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Monday, March 25, 2013

Happy Birthday Bruce, thanks for the memories

A great subject for another day.

Everybody else is talking about the wonderful Jackie Bradley, Jr. (4 RBI Sunday, now batting .423) and his chances of making Boston's Opening Day roster, so I thought I'd step into the Wayback Machine in honor of another Red Sox first-round draft pick who celebrated his 55th birthday Sunday.

Roger Clemens got the MVP and Cy Young Award in 1986, as he richly deserved, but down the stretch and through the playoffs that season there was no better pitcher in baseball than Bruce Hurst. The left-hander from Utah was injured through most of June and July, but he went 8-3 after coming back -- including five straight wins as the Sox distanced themselves from New York and Toronto in the AL East. Hurst, not Clemens, was named AL Pitcher of the Month in September as Boston clinched its first division title in 11 years.
An '86 Topps with a real signature.

In the ALCS against the Angels, Hurst won Game 2 with a Tiant-esque performance -- an 11-hit, 127-pitch complete game -- but Boston lost Games 1, 3, and 4 (two started by Clemens, one by Oil Can Boyd). It was up to Hurst to stave off elimination in the fifth contest at Anaheim, and he turned in six solid innings (7 hits, 3 runs) to keep the Red Sox in the game and set up the ninth-inning heroics of Don Baylor and Dave Henderson in Boston's thrilling 7-6 victory.

Boston won Games 6 and 7, of course, giving Hurst the rest needed to start Game 1 of the World Series at Shea Stadium. Once again, the big lefty was outstanding, allowing the heavily favored Mets just four hits over eight shutout innings in a 1-0 win saved by good 'ole Calvin Schiraldi. Riding this momentum, the Sox crushed Dwight Gooden in Game 2 to take away New York's home-field advantage.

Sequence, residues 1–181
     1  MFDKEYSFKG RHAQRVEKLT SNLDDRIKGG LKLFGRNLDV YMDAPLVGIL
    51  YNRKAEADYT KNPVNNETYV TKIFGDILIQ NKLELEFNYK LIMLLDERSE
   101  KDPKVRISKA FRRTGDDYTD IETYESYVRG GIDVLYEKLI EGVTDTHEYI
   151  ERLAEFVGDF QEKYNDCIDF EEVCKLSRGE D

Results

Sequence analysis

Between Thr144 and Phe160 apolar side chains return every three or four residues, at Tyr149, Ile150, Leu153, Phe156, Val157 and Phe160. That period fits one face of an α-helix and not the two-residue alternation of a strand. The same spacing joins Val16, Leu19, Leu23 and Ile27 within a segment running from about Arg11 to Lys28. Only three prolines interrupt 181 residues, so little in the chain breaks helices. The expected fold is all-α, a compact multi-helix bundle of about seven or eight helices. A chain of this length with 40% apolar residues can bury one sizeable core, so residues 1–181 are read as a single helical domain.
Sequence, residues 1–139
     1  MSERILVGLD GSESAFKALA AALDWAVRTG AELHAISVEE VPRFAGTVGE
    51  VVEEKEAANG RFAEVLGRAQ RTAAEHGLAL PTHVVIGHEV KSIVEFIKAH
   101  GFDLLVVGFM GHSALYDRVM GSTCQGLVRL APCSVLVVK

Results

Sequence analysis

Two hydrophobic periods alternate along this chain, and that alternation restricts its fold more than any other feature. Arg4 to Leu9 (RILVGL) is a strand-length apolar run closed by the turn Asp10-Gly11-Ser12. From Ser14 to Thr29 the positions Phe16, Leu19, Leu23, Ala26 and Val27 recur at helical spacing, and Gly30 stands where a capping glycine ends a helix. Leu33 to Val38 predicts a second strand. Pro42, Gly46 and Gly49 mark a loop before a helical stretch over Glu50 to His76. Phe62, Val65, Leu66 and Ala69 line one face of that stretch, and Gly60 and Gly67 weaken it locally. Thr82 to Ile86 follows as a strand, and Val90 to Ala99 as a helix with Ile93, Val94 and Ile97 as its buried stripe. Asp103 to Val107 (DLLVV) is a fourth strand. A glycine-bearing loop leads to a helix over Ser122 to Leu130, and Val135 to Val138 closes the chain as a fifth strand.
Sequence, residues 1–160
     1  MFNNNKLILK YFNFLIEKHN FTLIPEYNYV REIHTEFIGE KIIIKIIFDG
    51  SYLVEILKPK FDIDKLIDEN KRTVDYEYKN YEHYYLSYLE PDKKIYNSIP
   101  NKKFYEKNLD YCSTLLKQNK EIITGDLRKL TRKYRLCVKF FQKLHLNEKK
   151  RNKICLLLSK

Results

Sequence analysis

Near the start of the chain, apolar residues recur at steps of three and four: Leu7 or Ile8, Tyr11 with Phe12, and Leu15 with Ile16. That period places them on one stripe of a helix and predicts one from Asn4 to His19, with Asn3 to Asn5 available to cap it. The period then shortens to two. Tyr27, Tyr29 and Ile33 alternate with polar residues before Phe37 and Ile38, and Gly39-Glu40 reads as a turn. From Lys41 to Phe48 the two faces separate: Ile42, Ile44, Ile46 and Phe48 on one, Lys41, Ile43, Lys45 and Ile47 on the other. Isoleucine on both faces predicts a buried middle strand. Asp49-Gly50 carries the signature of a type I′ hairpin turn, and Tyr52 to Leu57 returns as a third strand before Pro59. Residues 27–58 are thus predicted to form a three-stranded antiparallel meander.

The Mets gave the Sox their own medicine back at Fenway, however, and the Series was all knotted up when Hurst got the ball again in Game 5. This time the Mets got to him for two runs, but not until the eighth and ninth innings after Boston had built a 4-0 lead. Going the distance one more time, Hurst now had allowed two runs over 17 innings against the NL's 108-win powerhouse.
Going for it all at Shea -- Oct. '86

What happened next, Red Sox fans know, is still very painful to recount -- although not quite as bad as it was before October 2004. Boston lost Game 6 at Shea (no details necessary), after which a Game 7 rainout gave manager John MacNamara the extra day needed to start the red-hot Hurst in the finale over a heartbroken Boyd.

For a while, everything went well. The Red Sox took a 3-0 lead in the second on back-to-back homers by Dwight Evans and Rich Gedman (I bet you forgot that, Sox fans, didn't you?) and a Wade Boggs single, and Hurst allowed just one ground-ball single through five innings in holding the advantage. Bruce was headed for his third win of the series and a sure MVP trophy.

Then the ghosts of the past made their way to Shea. Three hits, a walk, and a groundout gave New York three runs in the sixth, and although Hurst had only thrown 74 pitches, MacNamara elected to bring in Schiraldi -- who had already blown the save and lost Games 6 -- to start the seventh inning of a 3-3 game. Before you could say "Deer in the Headlights," Darryl Strawberry sent Cool Cal's fourth pitch to Newark and the Mets scored twice more for a 6-3 advantage from which Boston never recovered.